At O.C. Elementary School, Losses Aren’t Just on Paper : Fallout: Two favorite employees at a Mission Viejo campus are let go. They are among 47 district layoffs.


The children of Glen Yermo are among the first to feel the pinch.

The little elementary school in Mission Viejo is losing two of its favorite people today, an office aide and a remedial reading instructor. Both were laid off by the Saddleback Valley Unified School District, along with 45 other unlucky employees whose paperwork didn’t get approved before Orange County’s “paper losses” were discovered.

District officials said Thursday that they were forced to terminate the newly hired teachers’ aides, clerks and custodians because of Orange County’s investment losses.

“Everyone used to say it’s just on paper,” said Pam Bragg, who did everything at Glen Yermo from taking attendance to taking temperatures. “Well, guess what? It’s not on paper anymore.”


Letting Bragg and others go will save the district $50,000 a month, said Saddleback’s executive director of personnel, Jennifer Huff. The district, which has 29,000 students and 1,200 teachers, had no choice.

“Why did Saddleback do this when several other districts did not?” Huff said. “It was because we were trying to be prudent and look at the big picture and not commit the district to any additional expenditures.”

She stressed that district officials don’t consider the action a layoff, but a “hiring freeze.”

All Carol Harkins knows is that if she’d been hired one week sooner, she wouldn’t be “frozen” now.

Harkins, who’s been teaching remedial reading to nearly 40 children at Glen Yermo for the last six weeks, said she’s not worried about herself, though her husband is also out of work. She’s worried about the boys and girls in her five classes.

As the only person teaching one-on-one, intensive phonics at Glen Yermo, she fears there is now a void into which some slower students may tumble.


“Working with them in second and third grades makes a huge difference in how they read when they get to fourth and fifth grades,” she said, moments after a school district clerk told her not to bother attending a big meeting for new employees.

Neither Harkins nor Bragg admits to feeling any bitterness. Both hope to rejoin the district soon, and Harkins wonders if she can stay at Glen Yermo as a substitute.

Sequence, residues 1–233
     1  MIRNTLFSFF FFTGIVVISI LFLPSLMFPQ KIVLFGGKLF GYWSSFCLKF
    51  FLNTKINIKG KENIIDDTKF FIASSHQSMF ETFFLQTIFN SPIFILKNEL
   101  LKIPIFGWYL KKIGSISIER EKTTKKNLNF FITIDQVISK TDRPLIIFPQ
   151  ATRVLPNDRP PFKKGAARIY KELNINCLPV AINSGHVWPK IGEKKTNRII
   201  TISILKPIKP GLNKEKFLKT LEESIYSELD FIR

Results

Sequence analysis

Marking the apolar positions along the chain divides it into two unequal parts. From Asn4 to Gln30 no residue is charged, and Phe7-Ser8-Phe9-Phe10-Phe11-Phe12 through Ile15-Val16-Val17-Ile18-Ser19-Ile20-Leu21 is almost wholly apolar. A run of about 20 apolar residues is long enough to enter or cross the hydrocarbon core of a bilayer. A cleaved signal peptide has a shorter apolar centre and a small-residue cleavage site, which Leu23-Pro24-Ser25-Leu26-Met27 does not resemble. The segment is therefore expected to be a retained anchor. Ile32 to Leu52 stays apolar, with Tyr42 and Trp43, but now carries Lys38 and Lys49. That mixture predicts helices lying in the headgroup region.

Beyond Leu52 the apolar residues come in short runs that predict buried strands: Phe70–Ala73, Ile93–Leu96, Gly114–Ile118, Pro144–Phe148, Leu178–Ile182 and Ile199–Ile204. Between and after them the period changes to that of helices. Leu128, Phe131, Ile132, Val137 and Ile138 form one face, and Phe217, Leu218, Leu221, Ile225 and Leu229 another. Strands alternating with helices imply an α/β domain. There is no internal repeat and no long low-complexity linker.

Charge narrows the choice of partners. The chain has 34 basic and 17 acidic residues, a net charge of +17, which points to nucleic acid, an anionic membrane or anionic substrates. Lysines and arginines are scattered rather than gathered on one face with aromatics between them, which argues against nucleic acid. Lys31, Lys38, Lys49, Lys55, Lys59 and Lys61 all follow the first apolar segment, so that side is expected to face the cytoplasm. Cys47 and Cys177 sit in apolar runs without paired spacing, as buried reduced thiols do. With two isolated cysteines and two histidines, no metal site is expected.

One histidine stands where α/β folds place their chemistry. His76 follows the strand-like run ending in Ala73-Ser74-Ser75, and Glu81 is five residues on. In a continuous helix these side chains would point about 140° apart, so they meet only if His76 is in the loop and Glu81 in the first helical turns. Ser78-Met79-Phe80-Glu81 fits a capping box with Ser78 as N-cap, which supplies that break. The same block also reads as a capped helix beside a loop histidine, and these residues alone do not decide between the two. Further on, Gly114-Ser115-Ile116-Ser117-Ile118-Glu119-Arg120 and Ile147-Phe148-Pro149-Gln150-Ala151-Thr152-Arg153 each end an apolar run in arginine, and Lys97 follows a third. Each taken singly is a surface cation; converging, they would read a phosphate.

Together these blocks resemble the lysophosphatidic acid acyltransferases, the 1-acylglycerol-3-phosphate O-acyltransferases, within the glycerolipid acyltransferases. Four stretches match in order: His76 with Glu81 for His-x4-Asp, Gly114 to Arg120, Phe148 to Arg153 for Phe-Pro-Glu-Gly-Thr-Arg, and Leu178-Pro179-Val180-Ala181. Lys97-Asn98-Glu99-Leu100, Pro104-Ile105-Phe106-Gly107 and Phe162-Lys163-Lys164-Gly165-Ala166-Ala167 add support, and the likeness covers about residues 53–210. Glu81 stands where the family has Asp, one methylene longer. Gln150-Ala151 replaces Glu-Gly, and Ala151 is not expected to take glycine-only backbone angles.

But it was impossible Thursday to plan for the future when the present was a minefield of difficult goodbys.

As far as the children were concerned, Harkins couldn’t bring herself to tell them she was leaving. Not when they were busy giving her homemade Christmas presents and candy. And certainly not during their Christmas party.

The students will have to discover in their own way and their own time that Mrs. Harkins is gone.

“I love my job,” she said, smiling bravely. “We make nothing, although you get used to making nothing.”


Bragg’s thoughts exactly.

“I love my job,” she said as her fellow office workers looked on sadly. “If you have to work, you want to be in a job you enjoy. They just made me feel right at home from the onset. It was nice, feeling you were doing something important. Even if it wasn’t pulling in a hundred grand.”

Directly across from Bragg’s desk was a colorful wall display: a tree with pictures of Glen Yermo employees sprinkled throughout its branches. Beneath the tree, handcrafted letters read, “Glen Yermo Family.”

When the women of the office noticed that Bragg’s face was not part of the display, they told her she is part of the family, and vowed to add her picture at once.

“As a sign that you’re coming back,” one of the women told her.

Bragg smiled sadly.

With nothing to do Thursday afternoon, Harkins thought she might go to the malls. She wore a red Christmas sweatshirt, the word “JOY” embroidered across its front, a jarring contrast to her mood.

It would not be the shopping spree she anticipated only a few days ago, she said:

“It’s going to be a completely different Christmas.”

Every gift needs to be considered a little more carefully, said Bragg, who’d never been fired or laid off before this week.

“I think anyone in this position, that is counting on a job and doesn’t have it, it’s going to be difficult. When you’re talking 20 hours a week, it’s not that much, but it’s that extra little padding. . . . The more I digest it, the angrier I get.”